Excerpt 3
[Urban Ecology, Information Technology, and Inquiry Science for Students and Teachers, Boston College]

Interpretation & Conclusion
Table summarizes prepost changes and significance levels of teachers' self reports of technology use and skills. 
IT Skills
Tables 24, below, display the results regarding respondents' general level of IT use , skill with classroom uses of IT , and skill with IT tools . As shown, participants experienced statistically significant levels of skill improvement in their classroom uses of IT and in their use of software tools specific to the UEI summer institute. Their general levels of IT use and their skill levels with PowerPoint and Excel did not increase significantly – which was not surprising, both because their initial levels on these measures were already moderately high and because those skills were not specifically emphasized at the institute.
Table 2. General Level of IT Use (n=22)
Question 3: Please select the category that best indicates your overall level of use of information technology: 
Frequency 

Pre 
Post 
0 = Nonuse 
0 
0 
1 = Orientation 
4 
3 
2 = Preparation 
2 
1 
3 = Mechanical Use 
5 
5 
4 = Routine 
2 
1 
5 = Refinement 
7 
10 
6 = Integration 
1 
1 
7 = Renewal 
1 
1 
Median 
3.5 
5 


3 
Positive differences 
6 
Ties 
13 
Total pairs 
22 
p (twotailed) 
.508 

Table 3. Skills with Classroom Uses of IT (n=22)
Question 4: Please rate your level of skill in each of the following areas: 

Frequency 
a. Teaching students to use information technology 
Value 
Pre 
Post 

1 = Very Low 
1 
0 

2 
10 
5 

3 
6 
8 

4 
5 
8 

5=Very High 
0 
1 

Median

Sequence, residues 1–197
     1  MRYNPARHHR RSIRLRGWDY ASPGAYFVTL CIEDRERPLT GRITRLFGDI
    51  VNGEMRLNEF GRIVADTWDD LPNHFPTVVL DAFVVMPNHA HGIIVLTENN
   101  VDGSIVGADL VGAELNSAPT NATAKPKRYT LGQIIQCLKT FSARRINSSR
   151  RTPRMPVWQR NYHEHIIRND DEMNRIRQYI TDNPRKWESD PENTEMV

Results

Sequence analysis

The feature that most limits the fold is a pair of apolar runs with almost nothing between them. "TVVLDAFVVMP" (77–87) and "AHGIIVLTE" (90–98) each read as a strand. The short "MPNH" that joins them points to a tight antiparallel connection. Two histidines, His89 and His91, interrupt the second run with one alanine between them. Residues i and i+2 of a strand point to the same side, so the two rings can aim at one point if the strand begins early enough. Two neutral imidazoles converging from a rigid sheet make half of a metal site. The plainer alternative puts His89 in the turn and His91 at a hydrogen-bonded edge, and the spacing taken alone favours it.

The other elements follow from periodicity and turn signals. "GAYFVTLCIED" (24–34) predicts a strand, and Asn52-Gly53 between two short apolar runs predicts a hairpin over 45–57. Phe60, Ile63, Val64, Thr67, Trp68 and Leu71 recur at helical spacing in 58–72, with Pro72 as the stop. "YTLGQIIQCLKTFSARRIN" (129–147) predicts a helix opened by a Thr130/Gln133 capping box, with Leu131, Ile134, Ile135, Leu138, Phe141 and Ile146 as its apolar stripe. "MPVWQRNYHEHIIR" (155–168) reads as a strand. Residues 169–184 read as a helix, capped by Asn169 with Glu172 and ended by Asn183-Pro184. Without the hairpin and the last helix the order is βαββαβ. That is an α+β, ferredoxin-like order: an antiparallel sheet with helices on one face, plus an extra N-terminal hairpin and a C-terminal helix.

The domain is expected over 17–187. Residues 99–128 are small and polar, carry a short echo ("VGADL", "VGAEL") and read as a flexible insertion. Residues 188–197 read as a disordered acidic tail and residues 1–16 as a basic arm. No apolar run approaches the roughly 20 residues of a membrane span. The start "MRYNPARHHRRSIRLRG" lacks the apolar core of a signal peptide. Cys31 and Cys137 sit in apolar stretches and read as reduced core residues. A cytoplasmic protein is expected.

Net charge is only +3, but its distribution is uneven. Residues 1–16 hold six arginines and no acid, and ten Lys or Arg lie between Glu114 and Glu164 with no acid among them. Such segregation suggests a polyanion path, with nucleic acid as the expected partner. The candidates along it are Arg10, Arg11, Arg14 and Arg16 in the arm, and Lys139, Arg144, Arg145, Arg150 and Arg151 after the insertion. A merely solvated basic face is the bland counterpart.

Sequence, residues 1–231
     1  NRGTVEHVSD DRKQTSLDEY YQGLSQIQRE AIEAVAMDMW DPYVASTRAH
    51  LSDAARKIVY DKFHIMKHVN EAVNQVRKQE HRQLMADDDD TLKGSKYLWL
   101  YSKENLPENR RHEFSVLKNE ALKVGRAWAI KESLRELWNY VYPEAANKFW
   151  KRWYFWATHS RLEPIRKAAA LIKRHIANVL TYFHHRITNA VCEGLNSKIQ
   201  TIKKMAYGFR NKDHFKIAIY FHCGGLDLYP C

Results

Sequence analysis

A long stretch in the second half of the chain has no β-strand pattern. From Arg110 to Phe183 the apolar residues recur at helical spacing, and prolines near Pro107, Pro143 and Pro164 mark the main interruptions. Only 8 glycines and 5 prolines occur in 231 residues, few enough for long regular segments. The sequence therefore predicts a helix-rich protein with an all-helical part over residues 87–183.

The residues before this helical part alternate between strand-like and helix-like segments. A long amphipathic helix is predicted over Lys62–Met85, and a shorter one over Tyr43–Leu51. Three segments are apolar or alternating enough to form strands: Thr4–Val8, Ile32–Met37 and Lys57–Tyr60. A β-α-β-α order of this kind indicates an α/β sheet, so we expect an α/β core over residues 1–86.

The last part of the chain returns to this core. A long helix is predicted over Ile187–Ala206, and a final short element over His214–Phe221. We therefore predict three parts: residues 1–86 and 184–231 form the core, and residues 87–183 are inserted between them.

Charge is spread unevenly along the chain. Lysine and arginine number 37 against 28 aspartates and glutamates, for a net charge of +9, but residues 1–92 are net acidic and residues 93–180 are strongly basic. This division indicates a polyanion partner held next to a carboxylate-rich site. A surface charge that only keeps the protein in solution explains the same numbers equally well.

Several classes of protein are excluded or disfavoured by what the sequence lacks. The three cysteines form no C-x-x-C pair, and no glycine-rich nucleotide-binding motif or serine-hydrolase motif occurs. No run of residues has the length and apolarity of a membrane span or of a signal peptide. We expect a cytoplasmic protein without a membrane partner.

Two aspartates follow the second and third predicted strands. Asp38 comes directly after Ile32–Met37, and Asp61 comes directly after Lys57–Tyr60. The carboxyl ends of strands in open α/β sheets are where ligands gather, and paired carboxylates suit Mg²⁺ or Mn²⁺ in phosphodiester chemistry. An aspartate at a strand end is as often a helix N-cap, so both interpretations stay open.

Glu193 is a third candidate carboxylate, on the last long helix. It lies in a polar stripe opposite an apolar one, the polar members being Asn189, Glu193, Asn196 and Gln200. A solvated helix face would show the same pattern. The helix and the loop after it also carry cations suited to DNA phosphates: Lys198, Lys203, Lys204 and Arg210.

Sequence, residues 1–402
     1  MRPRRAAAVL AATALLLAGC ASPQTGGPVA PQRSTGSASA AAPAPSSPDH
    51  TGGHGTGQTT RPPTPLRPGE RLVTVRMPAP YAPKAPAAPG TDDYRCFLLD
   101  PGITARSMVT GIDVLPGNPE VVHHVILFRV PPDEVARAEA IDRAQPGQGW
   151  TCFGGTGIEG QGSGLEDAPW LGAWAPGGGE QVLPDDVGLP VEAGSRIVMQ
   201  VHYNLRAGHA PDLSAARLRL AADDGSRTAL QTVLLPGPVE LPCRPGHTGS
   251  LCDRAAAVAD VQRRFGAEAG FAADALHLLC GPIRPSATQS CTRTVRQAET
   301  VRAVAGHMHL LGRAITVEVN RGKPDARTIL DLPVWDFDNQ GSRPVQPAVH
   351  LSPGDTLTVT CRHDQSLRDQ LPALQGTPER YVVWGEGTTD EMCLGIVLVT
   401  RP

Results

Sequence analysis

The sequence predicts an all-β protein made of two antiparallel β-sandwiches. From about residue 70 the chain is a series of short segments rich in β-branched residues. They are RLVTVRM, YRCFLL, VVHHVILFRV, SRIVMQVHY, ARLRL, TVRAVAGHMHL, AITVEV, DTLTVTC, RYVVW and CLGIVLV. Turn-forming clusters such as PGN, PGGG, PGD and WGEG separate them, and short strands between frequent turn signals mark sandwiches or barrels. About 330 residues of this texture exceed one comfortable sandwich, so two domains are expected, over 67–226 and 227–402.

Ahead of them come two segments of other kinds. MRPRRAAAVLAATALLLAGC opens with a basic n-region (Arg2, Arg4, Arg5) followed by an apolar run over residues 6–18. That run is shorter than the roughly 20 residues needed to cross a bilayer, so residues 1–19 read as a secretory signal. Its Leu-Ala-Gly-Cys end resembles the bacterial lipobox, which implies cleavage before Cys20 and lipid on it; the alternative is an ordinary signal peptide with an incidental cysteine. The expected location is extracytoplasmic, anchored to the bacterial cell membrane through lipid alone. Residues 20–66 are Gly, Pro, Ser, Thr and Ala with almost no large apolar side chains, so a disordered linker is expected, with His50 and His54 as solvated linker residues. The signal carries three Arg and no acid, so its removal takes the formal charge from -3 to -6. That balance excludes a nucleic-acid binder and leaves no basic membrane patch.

2.5 
3 

Negative differences 
2 
Positive differences 
12 
Ties 
8 
Total pairs 
22 
p (twotailed) 
.013 

b. Helping students to use information technology in class as part of a lesson 
Value 
Pre 
Post 

1=Very Low 
0 
1 

2 
8 
1 

3 
8 
8 

4 
5 
9 

5 = Very High 
0 
3 

No response 
1 
1 

Median 
3 
4 

Negative differences 
0 
Positive differences 
14 
Ties 
6 
Total pairs 
20* 
p (twotailed) 
p = .000 

c. Designing lessons that make use of information technology to teach science 
Value 
Pre 
Post 

1=Very Low 
4 
2 

2 
9 
4 

3 
5 
7 

4 
2 
6 

5 = Very High 
2 
2 

No response 
0 
1 

Median 
2 
3 

Negative differences 
1 
Positive differences 
10 
Ties 
10 
Total pairs 
21* 
p (twotailed) 
p = .012 

^{*}The total number of pairs is less than the number of people in the sample because of missing data.
Table 4. Skills with IT Tools (n=22)
Question 5: Please rate your level of skill in each of the following tools: 

Frequency 

Value 
Pre 
Post 
Bioacoustic software 
1 = Very Low 
16 
1 

2 
2 
6 

3 
2 
7 

4 
2 
5 

5=Very High 
0 
3 

Median 
1 
3 

Negative differences 
0 
Positive differences 
16 
Ties 
6 
Total pairs 
22 
p (twotailed) 
.000 


Value 
Pre 
Post 
Geographic information system (GIS) software